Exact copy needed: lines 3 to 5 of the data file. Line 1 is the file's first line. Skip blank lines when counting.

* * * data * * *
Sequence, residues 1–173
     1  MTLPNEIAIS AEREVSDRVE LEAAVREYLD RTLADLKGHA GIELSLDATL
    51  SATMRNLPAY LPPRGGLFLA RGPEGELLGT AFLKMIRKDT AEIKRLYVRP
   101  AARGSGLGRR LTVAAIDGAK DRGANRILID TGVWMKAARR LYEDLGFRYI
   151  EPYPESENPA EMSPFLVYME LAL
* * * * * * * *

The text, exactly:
    51  SATMRNLPAY LPPRGGLFLA RGPEGELLGT AFLKMIRKDT AEIKRLYVRP
   101  AARGSGLGRR LTVAAIDGAK DRGANRILID TGVWMKAARR LYEDLGFRYI
   151  EPYPESENPA EMSPFLVYME LAL